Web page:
If it is fundamentalism to argue that names in the Trinitarian formula are important, it is doctrinal suicide to argue that they are dispensible or interchangeable. The Christian Tradition has always understood the Trinitarian hypostases
not as arbitrary names, functions or roles, but rather as true persons in relation (East and West differ a bit here, but the difference does not touch on this matter). Thus the Godhead - in which the Father subsists as begetting the Son, the Son as begotten by the Father, and the Spirit as proceeding from both as the very embodiment of their reciprocal love - becomes the foundation for human interrelations, especially those within the human family (cf. Eph. 3:15). As St. Augustine says of the Spirit, "And if the love by which the Father loves the Son, and the Son loves the Father, ineffably demonstrates the communion of both, what is more suitable than that He should be specially called love, who is the Spirit common to both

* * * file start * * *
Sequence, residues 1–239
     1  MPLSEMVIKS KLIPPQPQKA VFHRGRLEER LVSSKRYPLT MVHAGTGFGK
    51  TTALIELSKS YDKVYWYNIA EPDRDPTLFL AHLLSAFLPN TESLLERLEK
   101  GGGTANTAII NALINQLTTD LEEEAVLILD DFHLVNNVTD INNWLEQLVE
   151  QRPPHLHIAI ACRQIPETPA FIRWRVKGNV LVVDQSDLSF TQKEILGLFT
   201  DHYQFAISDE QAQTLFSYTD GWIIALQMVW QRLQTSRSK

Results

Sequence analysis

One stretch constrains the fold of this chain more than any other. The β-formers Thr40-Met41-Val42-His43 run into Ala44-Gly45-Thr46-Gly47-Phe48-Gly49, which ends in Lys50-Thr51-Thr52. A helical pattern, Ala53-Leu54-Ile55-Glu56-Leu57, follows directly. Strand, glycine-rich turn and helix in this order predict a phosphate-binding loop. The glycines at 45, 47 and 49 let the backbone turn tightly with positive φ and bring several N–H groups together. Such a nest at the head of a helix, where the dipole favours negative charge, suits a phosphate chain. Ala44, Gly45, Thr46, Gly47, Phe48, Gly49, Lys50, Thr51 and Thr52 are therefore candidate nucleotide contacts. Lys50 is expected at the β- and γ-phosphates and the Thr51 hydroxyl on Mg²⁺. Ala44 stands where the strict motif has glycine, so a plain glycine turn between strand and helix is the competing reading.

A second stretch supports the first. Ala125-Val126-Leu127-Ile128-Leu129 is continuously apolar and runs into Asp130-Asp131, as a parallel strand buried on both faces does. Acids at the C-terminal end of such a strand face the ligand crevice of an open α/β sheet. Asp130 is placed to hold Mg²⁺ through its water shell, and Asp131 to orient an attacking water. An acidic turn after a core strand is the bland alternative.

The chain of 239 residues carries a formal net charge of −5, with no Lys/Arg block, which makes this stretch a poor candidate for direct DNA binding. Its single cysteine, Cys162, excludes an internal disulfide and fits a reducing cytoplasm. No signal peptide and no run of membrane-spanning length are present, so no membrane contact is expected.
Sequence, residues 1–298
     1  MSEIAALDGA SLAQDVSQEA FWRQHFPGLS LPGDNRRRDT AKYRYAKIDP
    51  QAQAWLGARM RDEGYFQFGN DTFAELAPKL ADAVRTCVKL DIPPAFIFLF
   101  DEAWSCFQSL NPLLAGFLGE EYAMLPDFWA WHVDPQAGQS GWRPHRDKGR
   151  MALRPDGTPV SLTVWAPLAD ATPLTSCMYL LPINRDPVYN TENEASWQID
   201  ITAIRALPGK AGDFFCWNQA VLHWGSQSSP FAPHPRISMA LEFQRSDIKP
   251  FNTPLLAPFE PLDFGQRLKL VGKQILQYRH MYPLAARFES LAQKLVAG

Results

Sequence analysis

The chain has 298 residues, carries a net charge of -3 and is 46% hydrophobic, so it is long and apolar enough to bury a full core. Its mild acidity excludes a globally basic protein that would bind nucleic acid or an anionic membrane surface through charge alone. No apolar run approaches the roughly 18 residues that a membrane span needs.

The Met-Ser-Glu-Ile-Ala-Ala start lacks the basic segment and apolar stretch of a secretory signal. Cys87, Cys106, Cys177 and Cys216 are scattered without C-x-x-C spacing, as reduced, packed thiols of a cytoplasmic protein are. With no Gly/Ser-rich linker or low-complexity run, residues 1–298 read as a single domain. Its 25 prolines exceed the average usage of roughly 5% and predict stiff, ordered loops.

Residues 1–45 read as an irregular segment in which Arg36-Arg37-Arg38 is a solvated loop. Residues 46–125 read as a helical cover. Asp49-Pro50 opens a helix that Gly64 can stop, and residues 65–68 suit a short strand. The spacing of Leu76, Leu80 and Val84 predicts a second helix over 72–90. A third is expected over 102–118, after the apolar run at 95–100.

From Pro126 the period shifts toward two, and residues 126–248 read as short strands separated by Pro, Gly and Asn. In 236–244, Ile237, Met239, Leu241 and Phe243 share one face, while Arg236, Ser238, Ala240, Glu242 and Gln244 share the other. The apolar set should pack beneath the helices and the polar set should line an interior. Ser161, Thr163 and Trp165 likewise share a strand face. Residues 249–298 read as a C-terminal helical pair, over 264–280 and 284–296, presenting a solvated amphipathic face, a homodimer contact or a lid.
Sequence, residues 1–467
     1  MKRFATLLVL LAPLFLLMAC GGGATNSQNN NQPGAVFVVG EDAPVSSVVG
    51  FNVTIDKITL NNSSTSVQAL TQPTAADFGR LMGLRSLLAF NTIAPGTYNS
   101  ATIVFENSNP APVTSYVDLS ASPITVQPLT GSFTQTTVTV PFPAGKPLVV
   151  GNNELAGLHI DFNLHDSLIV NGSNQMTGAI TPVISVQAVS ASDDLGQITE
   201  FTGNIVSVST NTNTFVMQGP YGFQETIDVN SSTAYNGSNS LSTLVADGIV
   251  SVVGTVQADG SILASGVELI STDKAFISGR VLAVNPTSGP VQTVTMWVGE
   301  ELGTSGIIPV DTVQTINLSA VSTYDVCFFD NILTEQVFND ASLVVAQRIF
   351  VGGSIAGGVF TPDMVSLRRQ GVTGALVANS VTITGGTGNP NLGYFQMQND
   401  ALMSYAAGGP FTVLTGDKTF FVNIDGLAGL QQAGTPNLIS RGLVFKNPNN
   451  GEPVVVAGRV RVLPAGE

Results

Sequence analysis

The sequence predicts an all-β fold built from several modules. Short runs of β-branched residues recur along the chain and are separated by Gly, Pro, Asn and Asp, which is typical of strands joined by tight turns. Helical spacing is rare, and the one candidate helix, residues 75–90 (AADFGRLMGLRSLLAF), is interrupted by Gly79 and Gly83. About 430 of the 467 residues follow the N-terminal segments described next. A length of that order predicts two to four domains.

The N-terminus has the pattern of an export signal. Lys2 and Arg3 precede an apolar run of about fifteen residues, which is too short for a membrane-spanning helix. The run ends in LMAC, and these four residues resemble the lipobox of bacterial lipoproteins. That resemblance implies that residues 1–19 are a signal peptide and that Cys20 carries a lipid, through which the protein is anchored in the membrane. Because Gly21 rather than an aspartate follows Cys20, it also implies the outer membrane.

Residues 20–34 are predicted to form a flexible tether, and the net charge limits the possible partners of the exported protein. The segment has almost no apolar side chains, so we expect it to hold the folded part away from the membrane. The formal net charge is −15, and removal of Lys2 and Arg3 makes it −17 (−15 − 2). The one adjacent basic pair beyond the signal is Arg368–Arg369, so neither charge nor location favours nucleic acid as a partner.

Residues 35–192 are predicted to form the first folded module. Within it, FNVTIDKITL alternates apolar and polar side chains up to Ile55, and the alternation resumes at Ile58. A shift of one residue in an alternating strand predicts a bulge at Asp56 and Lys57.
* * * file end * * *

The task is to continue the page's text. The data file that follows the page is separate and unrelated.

?" (De Trin
. 15.27) If, on the other hand, 'Father, Son and Spirit' are no more than dispensible names, then we must be prepared to face the consequence that human love, personhood and relation will become purely human realities, with no basis in the higher, divine realm.